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Headless Fighters: USAF Recconnaissance-UAVs over Vietnam
By Tom Cooper
Nov 13, 2003, 02:20

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The story about the use of drones and specially equipped C-130 Hercules aircraft for their carriage during the Vietnam War is one full of contradictions and unbelievable details.

It started already with the first drones developed before, during and after the WWII. The US Army Air Corps, and later the US Air Force, considered themselves always as „Air Forces for pilots“, thus anything that had something to do with aircraft without pilots was simply despised. Many programs for development of pilot-less aircraft were shut down almost as soon as they were started, before the correct terminology for drones was found: „Remotely Piloted Vehicle“. This actually didn’t helped drones to be more accepted by the USAF, however they were at least tolerated and the continuous development of drones for the USAF became a go-ahead during the 1950s. The final break-trough came only during the early 1960s, when several losses of U-2 reconnaissance planes over the USSR, China and Cuba forced Americans to find the ways of learning more about Soviet S-172/SA-2 SAM systems.

The first two new programs for introducing drones to USAF were named „Lightning Bug“ and „Compass Cookie“. Both used Ryan Model 124 Firebee I for reconnaissance tasks and were initially planed for operations over Cuba. However, the situation there stabilized, thus the first unit equipped with Q-2C Firebee (later developed into AQM-34) namely the 4025th „Black Knights“ Reconnaissance Squadron (RS) of the 4080th SW (Strategic Wing), flew its operational missions over North Korea and China, in 1964, spying local SAM-sites.

In August 1964, the 4025th RS moved from Kadena AB, on Okinawa to Bien Hoa AB, in South Vietnam, and changed its name to „Red Falcons“. Although not very popular with the base commander and other locally based units, the 4025th RS soon started first operations, foremost monitoring the work of North Vietnamese air defences and - especially - the SA-2 sites. Each mission was regularly escorted by either USAF or - in most cases - USN fighters, as well as other specialized (manned) reconnaissance aircraft, like RB-47Hs of 55th Strategic Reconnaissance Wing (SRW), and - later - highly classified EB-57Ds or C-130A-IIs of the 6091st RS, mainly based at Don Muang AB, in Thailand. In 1966 this unit became the 556th RS, which took part in some of the famous projects, like "Igloo White“, „Combat Dawn“, „Senior Dawn“ and „Compass Bright".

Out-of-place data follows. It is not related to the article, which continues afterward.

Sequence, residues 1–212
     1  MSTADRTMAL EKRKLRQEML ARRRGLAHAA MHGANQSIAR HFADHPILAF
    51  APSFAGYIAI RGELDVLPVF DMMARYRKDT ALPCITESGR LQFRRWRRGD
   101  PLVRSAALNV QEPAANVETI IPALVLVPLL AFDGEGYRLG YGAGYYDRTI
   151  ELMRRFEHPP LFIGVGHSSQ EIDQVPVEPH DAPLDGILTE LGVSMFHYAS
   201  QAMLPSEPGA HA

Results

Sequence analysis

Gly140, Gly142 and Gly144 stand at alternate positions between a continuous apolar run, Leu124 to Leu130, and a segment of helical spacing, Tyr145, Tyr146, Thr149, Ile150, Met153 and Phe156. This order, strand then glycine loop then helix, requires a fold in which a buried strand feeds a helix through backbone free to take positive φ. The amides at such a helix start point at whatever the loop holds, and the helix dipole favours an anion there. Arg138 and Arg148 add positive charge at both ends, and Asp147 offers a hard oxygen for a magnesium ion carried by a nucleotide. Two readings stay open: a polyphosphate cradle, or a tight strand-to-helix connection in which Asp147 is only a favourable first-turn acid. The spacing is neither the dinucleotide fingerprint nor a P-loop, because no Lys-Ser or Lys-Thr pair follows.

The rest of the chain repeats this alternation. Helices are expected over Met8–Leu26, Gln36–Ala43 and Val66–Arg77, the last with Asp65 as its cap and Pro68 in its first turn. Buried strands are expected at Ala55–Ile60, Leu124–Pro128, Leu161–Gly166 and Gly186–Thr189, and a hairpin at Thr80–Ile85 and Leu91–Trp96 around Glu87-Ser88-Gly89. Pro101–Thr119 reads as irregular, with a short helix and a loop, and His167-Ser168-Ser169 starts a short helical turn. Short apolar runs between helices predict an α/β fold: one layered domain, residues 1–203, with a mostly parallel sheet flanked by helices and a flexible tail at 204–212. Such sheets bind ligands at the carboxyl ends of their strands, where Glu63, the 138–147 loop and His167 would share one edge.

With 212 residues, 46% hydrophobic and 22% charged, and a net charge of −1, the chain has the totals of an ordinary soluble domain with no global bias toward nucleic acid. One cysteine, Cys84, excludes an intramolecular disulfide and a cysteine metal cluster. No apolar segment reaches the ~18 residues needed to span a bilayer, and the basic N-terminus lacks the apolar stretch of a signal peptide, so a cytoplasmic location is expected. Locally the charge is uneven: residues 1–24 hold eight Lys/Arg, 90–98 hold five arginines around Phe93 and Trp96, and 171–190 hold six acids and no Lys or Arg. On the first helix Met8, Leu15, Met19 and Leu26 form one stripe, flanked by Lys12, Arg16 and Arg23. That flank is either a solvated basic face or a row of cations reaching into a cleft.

Regardless of place, time and art of the mission, all the drones of the AQM-34 series deployed during the Vietnam War were carried and started from specially modified GC-130As, MC-130AS and - finally - DC-130A and DC-130E control aircraft, each of them being equipped with systems for carriage, start, control and guidance of drones. The drones were always pre-programmed, but after release their progress was monitored and the „pilot“ could override the programme manually if necessary. The carrier aircraft had a console for two „pilots“, equipped with all the usual flight-instruments, which read the data sent to them from the drone. All the data about the navigation, planed route, the actual flight pad and position of the drone and the carrier aircraft were feed into a single system, which showed them on one display. On their return the drones deployed a parachute and were snared by specially modified CH-3 recovery helicopters.